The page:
Daoism is one of the cornerstones of Chinese Medicine and Acupuncture. The philosophy of Daoism emphasizes the concept of living in harmony with oneself and the life around oneself. Ancient Daoist believed that this harmony was a “music” which everything plays, including the human body.
We can see the rhythm of music in life processes. From the simple pulsations of a single-cell to our own rising and falling breath, life has a rhythm. Each rhythm falls into a cycle. The rhythms and cycle allow life to refresh itself and maintain harmony. The cycles of day and night allow us activity and the ability to regenerate. The cycles of the seasons ensure the earth has the ability to sustain life.
For all of life, the rhythms and cycles help create music that immerses us. These rhythms and cycles are able to have an effect on our biological processes.
Entrainment helps define one aspect of how these rhythms affect us. Entrainment states that the powerful rhythmic vibrations of one object will cause less powerful vibrations of another object to lock in step and oscillate at the first object’s rate.
Entrainment has to do with conservation of energy. Nature finds it more economical, in terms of energy, to move in step with each other. Birds flock together for their migration, moving in step with each, in order to conserve energy. In our lives, it is easier to go with the flow than against the flow.
The concept of sound entrainment is an active concept. Someone actively introduces another rhythm to change the current rhythmic pattern of an object.
After a long, stressful week we may go home to listen to some relaxing music. After listening to the music, we find our mood and behavior more relaxed and “in-tune” with life. Through introducing another rhythm, our natural biological vibrations are actively changed to the vibrations (the frequency or rhythm) of another rate. We might notice our breathing is slower and deeper, our heart rate has slowed.
An interesting illustration of entrainment can be seen in Itzhak Bentov book “Stalking the Wild Pendulum”. If you have a room full of pendulum-type grandfather clocks and start the pendulums in motion at different times, they will all swing differently. However, if you walk out of this room and come back the next day, you will find that all the pendulums are swinging together at the same rate. This locking in step of rhythms is entrainment.
For Ancient China, music therapy was focused on harmonizing the elements within the organs of the body. As Ancient China didn’t have our language, they used the language of symbolism and abstract thought to convey importance and meaning. Sometimes, this ability to reference through abstract thought rings much truer and gives more clarity than our common terms.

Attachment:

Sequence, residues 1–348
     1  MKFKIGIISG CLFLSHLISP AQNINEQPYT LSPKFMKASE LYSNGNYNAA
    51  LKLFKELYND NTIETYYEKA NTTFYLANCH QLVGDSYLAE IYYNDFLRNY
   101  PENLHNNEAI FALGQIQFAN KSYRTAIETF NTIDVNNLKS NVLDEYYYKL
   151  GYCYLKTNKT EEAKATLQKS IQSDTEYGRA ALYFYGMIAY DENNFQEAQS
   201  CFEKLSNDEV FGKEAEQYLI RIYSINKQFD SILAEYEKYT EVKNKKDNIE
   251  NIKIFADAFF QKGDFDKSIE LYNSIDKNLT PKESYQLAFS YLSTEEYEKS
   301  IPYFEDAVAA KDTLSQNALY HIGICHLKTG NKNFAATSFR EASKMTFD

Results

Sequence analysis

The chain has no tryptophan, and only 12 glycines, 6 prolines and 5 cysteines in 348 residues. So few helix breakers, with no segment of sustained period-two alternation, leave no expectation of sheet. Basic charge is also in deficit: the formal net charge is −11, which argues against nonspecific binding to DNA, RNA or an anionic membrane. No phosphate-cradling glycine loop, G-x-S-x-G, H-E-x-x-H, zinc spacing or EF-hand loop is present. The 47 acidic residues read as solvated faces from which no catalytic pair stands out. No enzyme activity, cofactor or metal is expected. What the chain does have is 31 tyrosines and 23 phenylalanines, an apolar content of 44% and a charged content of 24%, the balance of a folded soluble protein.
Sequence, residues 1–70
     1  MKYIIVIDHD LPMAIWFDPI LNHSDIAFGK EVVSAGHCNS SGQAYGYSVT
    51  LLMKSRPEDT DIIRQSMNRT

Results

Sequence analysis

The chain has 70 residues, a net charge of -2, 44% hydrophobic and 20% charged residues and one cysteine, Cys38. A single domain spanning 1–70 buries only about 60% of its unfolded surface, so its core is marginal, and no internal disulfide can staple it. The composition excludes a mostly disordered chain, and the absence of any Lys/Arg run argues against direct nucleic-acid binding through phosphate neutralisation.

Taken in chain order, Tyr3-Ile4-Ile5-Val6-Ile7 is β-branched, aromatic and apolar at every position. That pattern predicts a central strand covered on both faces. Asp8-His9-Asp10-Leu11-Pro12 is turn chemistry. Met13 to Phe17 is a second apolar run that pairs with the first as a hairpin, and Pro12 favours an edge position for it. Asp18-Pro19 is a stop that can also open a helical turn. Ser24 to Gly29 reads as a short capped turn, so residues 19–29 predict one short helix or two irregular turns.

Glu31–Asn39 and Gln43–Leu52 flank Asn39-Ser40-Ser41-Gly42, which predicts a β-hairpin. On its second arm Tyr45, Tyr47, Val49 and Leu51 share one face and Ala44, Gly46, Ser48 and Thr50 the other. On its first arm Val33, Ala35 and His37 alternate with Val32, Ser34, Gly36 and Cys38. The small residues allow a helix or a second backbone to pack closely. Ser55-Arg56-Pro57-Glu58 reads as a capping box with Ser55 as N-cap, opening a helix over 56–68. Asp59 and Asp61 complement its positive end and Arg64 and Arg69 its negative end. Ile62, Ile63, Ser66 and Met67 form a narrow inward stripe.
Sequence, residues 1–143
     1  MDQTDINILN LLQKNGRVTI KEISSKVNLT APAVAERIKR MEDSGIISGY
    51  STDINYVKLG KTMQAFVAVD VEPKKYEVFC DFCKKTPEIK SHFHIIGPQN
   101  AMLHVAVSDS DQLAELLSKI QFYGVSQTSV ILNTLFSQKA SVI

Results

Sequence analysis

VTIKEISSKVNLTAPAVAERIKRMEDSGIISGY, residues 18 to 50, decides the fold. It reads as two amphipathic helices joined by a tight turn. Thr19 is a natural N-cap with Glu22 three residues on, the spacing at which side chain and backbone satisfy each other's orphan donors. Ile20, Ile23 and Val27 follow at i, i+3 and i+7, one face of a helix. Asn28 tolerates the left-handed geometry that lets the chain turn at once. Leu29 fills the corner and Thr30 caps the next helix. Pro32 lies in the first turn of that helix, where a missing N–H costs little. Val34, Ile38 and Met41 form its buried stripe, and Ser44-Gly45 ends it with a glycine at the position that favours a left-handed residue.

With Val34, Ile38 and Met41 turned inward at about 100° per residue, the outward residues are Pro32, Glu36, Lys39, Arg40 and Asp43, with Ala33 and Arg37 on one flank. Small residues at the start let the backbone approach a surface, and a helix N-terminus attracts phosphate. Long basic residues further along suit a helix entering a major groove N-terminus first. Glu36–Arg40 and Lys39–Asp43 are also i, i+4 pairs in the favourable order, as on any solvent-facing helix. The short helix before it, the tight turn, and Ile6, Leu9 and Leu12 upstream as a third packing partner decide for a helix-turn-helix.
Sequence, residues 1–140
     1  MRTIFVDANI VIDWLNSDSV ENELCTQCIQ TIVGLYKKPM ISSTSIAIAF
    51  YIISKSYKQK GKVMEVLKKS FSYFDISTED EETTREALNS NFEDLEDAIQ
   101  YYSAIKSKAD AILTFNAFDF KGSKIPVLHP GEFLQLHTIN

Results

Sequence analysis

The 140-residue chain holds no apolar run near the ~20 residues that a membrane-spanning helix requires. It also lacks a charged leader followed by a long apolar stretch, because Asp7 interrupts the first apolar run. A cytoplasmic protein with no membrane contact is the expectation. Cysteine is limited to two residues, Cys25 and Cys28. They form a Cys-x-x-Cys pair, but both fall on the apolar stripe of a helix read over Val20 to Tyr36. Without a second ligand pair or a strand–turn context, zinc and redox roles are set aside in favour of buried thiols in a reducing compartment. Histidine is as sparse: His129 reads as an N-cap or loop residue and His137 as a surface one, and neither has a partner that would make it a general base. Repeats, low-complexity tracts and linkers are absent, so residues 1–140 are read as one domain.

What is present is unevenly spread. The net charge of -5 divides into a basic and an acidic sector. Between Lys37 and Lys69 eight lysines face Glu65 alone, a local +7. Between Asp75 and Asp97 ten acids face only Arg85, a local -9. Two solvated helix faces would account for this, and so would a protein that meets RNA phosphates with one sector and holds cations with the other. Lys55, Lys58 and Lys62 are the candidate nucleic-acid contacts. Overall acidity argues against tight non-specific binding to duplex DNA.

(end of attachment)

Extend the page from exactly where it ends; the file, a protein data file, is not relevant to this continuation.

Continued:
An example in Traditional Chinese Medicine is the ancient chart that depict the internal organs. This chart is called the “Chart of Inner Lights” or “The Chart for Visualizing the True Ones”. Within this chart, we see the Kidneys, the Heart, the Liver, the Spleen, and the Lungs. Five key organs which are critical for our lives and without their function, life may be impossible to sustain.
If we go back to the symbolism of “Inner Lights”, light allows for illumination, daybreak, dawn, awareness. When used as a verb, light sets on fire or kindles, gives direction or guides, it also enlivens. Through this symbolism, we can began to grasp the importance of these organs much more than if someone told us the heart is a muscular organ that pumps blood through the blood vessels by repeated, rhythmic contractions.
These five organs held much respect and encouraged much study due to their importance to our survival. Thousands of years ago, Chinese Medicine was able to identify that each of these organs had it own rhythm and energetic flow. Thousands of years ago, they were able to identify that the heart controlled the blood, the kidneys the urine, the lungs the flow of oxygen, etc. and all without the need of millions of autopsy’s. I think that is the part that continues to disarm me.
Yet, within each of the organs, Chinese Medicine identified a specific pathway, unique rhythm and cycle. Each of these organs has a music that is specific and unique to it.
Ancient Daoism identified their rhythm and attached a healing sound to each of these five organs and elements.
So, next time you’re listening to music which you find enjoyable, think about the scale it was written in. You may find the scale and your Chinese Medicine diagnosis have something in common. They may both be focusing on healing the same thing.